th
century, with the crescendo of colonialism andthe rise of the American capitalist industrial juggernaut, the country wasincreasingly drawn into the world beyond its borders. This would require anew self-imagining. For the first time, administrations were forced toarticulate an overarching identity that could be promulgated into policy.Indeed, the strange reality of foreign policy is that to an extent much greaterthan its domestic equivalent, it implicitly forces a compression and unificationof the ideology of a state. When it intervened in the Philippines, for example,the United States ceased to be a federation of differences, and insteadbecame, at least to the outside world, a single, unified and powerful actor.What’s more, the perception of “America” was no longer up for grabsat the whim of foreign observers, but was instead embodied and projected bythe soldiers and missions directly to those perceiving it. This represented atotal upheaval from the old mode. It forced a nation that had been fighting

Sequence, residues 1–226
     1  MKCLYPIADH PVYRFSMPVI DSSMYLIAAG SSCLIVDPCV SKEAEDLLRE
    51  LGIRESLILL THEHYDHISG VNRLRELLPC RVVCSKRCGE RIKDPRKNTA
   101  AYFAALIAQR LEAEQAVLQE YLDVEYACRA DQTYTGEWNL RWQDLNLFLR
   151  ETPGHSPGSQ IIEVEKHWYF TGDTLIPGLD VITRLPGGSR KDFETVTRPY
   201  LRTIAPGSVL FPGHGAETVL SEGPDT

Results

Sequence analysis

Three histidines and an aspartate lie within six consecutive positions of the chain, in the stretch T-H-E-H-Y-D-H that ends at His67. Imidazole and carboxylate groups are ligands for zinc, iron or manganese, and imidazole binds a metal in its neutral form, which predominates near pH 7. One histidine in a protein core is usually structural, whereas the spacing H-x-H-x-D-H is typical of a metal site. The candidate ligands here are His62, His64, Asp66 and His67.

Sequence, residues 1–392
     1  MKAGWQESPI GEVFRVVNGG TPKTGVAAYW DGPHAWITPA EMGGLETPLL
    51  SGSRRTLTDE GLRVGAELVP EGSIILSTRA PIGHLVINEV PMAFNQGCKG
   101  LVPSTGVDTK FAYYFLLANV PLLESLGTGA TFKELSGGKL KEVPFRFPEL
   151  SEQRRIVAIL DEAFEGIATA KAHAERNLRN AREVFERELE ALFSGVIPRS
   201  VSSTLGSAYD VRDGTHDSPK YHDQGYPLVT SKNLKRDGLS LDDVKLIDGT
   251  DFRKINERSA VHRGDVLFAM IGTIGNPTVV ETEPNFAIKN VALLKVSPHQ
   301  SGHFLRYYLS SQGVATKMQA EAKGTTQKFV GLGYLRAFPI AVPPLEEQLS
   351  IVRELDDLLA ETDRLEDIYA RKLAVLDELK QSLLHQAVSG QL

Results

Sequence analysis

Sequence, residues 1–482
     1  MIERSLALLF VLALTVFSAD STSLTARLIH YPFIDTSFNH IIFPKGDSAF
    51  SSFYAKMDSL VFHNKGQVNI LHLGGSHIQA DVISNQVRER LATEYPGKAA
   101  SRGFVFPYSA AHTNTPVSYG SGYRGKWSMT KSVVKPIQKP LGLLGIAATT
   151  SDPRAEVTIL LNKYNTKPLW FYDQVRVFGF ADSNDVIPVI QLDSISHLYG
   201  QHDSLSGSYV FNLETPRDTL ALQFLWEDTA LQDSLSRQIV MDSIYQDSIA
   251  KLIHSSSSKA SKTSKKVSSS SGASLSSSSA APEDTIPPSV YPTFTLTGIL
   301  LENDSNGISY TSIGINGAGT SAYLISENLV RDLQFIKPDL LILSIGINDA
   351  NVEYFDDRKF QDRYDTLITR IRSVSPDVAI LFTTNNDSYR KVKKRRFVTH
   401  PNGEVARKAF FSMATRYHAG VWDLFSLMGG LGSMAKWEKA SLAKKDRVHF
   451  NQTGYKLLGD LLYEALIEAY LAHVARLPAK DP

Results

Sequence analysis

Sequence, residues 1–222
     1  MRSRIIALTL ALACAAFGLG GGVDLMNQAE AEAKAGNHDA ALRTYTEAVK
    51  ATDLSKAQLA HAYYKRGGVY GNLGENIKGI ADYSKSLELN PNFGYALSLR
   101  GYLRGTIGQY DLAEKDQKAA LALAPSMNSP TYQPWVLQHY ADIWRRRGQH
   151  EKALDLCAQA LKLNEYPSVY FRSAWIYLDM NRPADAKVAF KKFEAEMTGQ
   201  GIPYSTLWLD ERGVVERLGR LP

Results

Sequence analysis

Nathaniel Whittemore American Foreign Policy Paper 1 1/25/05